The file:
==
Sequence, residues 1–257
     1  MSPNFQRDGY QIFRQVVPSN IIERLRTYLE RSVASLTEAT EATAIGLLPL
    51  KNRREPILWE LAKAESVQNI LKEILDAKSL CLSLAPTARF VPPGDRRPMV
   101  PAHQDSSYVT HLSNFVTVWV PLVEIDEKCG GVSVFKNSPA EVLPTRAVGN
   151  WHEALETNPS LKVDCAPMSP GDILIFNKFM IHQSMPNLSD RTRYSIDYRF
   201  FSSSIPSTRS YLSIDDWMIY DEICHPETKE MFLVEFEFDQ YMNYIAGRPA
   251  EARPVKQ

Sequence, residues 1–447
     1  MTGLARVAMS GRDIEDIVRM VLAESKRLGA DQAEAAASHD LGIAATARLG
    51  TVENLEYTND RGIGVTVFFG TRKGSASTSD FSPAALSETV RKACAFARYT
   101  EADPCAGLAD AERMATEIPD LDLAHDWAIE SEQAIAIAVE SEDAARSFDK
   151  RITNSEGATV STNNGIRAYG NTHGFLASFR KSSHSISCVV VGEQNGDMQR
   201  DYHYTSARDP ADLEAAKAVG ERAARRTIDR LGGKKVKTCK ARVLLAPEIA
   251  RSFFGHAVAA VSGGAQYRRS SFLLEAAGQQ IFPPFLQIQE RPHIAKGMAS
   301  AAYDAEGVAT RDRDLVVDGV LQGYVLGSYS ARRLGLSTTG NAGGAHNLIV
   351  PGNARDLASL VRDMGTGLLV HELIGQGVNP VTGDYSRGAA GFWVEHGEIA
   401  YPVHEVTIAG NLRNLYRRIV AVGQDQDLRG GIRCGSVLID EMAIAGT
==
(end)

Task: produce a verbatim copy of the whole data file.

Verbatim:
Sequence, residues 1–257
     1  MSPNFQRDGY QIFRQVVPSN IIERLRTYLE RSVASLTEAT EATAIGLLPL
    51  KNRREPILWE LAKAESVQNI LKEILDAKSL CLSLAPTARF VPPGDRRPMV
   101  PAHQDSSYVT HLSNFVTVWV PLVEIDEKCG GVSVFKNSPA EVLPTRAVGN
   151  WHEALETNPS LKVDCAPMSP GDILIFNKFM IHQSMPNLSD RTRYSIDYRF
   201  FSSSIPSTRS YLSIDDWMIY DEICHPETKE MFLVEFEFDQ YMNYIAGRPA
   251  EARPVKQ

Sequence, residues 1–447
     1  MTGLARVAMS GRDIEDIVRM VLAESKRLGA DQAEAAASHD LGIAATARLG
    51  TVENLEYTND RGIGVTVFFG TRKGSASTSD FSPAALSETV RKACAFARYT
   101  EADPCAGLAD AERMATEIPD LDLAHDWAIE SEQAIAIAVE SEDAARSFDK
   151  RITNSEGATV STNNGIRAYG NTHGFLASFR KSSHSISCVV VGEQNGDMQR
   201  DYHYTSARDP ADLEAAKAVG ERAARRTIDR LGGKKVKTCK ARVLLAPEIA
   251  RSFFGHAVAA VSGGAQYRRS SFLLEAAGQQ IFPPFLQIQE RPHIAKGMAS
   301  AAYDAEGVAT RDRDLVVDGV LQGYVLGSYS ARRLGLSTTG NAGGAHNLIV
   351  PGNARDLASL VRDMGTGLLV HELIGQGVNP VTGDYSRGAA GFWVEHGEIA
   401  YPVHEVTIAG NLRNLYRRIV AVGQDQDLRG GIRCGSVLID EMAIAGT